Water and the beauty of spring

American Goldfinch, male on left, female on right

American Goldfinch, male on left, female on right

“In an age when man has forgotten his origins and is blind even to his most essential needs for survival, water along with other resources has become the victim of his indifference.” — Rachel Carson, Silent Spring

I greet the spring days with joy and some civility. I suffer from S.A.D., and do not enjoy days when it’s cloudy and rainy. On days like this I sit at my back window and watch the gulls playing in the wind and the lone mourning dove bracing itself against the slanting rain. In my sadness, however, I see the beauty in “weather,” the billowing clouds, the swaying eucalyptus, and the water we so desperately need.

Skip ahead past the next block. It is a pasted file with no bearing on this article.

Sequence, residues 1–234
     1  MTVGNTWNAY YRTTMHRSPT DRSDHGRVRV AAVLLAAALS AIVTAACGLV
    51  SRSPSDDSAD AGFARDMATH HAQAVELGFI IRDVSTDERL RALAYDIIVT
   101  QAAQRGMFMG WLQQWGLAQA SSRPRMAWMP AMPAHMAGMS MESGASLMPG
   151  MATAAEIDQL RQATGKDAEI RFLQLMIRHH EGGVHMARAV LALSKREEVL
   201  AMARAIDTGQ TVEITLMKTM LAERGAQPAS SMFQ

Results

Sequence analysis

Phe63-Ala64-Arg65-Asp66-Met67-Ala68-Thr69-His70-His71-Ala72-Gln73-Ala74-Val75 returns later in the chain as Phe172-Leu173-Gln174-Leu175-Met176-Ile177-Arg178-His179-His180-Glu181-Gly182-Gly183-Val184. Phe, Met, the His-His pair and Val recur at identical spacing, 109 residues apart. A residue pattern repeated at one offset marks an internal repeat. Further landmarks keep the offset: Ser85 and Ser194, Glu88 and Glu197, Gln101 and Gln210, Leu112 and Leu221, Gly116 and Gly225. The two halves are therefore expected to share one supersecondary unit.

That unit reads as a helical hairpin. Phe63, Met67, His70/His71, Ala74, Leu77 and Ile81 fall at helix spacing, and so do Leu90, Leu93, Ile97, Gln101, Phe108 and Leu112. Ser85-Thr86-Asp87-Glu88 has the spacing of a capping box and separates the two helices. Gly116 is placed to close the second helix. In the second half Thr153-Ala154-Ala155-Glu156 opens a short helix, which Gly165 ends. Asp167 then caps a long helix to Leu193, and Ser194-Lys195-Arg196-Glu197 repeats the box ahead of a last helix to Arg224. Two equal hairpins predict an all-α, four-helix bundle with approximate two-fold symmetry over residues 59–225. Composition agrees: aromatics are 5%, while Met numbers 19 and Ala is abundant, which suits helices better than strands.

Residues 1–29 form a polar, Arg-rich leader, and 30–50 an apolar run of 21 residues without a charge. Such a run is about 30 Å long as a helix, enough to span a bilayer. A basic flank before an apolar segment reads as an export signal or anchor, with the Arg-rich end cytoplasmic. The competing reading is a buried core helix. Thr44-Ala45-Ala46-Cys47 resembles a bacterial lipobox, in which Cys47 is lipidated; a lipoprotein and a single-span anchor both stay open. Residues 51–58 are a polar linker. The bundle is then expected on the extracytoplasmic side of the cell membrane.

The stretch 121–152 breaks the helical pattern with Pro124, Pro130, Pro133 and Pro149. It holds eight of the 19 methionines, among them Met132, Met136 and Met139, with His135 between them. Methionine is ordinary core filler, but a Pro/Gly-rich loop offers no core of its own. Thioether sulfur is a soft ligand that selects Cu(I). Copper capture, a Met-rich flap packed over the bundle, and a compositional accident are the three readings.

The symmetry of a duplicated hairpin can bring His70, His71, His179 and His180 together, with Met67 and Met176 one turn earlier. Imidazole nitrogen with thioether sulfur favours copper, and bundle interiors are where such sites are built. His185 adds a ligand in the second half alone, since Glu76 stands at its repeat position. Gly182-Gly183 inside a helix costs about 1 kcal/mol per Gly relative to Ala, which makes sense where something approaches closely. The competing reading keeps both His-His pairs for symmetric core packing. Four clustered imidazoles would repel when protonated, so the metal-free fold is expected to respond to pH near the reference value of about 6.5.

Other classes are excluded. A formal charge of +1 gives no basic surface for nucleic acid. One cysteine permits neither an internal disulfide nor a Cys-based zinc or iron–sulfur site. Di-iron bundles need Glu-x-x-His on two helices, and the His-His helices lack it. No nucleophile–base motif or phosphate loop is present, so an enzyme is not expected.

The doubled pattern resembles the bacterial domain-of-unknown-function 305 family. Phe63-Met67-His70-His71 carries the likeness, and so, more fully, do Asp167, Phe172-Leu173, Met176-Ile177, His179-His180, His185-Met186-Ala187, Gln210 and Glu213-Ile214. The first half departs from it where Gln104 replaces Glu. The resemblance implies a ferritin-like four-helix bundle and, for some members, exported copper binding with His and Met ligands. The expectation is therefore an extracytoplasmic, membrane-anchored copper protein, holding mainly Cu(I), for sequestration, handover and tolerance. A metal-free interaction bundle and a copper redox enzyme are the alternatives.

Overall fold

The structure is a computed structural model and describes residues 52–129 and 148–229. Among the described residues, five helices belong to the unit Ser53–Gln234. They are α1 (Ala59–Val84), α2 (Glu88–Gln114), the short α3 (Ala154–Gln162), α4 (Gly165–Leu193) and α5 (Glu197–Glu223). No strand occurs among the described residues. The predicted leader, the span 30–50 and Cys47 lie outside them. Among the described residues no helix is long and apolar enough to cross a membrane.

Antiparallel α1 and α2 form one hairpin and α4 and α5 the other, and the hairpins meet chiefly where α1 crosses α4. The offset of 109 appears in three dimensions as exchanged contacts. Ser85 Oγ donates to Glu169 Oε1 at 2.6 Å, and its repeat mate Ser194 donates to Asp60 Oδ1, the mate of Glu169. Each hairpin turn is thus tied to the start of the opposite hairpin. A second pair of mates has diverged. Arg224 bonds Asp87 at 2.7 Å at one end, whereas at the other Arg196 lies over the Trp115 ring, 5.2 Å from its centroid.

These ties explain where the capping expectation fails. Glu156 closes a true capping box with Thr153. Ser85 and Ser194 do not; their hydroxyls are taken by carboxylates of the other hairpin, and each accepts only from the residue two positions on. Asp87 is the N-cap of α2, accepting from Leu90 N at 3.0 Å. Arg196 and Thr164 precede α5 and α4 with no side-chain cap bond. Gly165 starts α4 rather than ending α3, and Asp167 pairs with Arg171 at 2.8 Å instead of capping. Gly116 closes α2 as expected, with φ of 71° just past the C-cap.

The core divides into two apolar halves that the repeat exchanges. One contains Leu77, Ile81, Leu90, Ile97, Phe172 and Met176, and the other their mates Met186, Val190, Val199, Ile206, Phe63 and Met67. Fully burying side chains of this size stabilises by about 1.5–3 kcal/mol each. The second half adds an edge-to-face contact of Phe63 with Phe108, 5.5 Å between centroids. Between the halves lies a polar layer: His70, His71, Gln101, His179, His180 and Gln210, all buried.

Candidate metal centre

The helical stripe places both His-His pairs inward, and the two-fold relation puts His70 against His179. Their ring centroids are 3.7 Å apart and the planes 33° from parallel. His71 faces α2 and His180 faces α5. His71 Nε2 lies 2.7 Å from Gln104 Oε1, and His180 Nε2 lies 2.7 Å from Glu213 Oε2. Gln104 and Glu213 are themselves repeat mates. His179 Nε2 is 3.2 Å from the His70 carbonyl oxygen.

What’s odd is that I don’t wish for water for myself. I wish it for the annual visit of the American Goldfinch (Carduelis tristis) at my feeder, and the California Towhee (Pipilo crissalis) that waits for the rain to make the worms available. It’s a wonderful thing to see the C.Towhee skirt along the ground and under the jasmine in the back of our yard. I sometimes I imagine I am Mistress Mary as I peek under the plant, hoping for a glimpse of a Towhee or its family.

I never happen upon a bird under the jasmine, but there must be something fascinating under alot of things, if we look a little closer; the bright pink Camellias on the ground, the Lilac tree relegated to its space behind the evergreen, and the field mouse that has made its house somewhere in the planter near the gazebo. Let us not forget these treasures, it is what keeps us young and curious.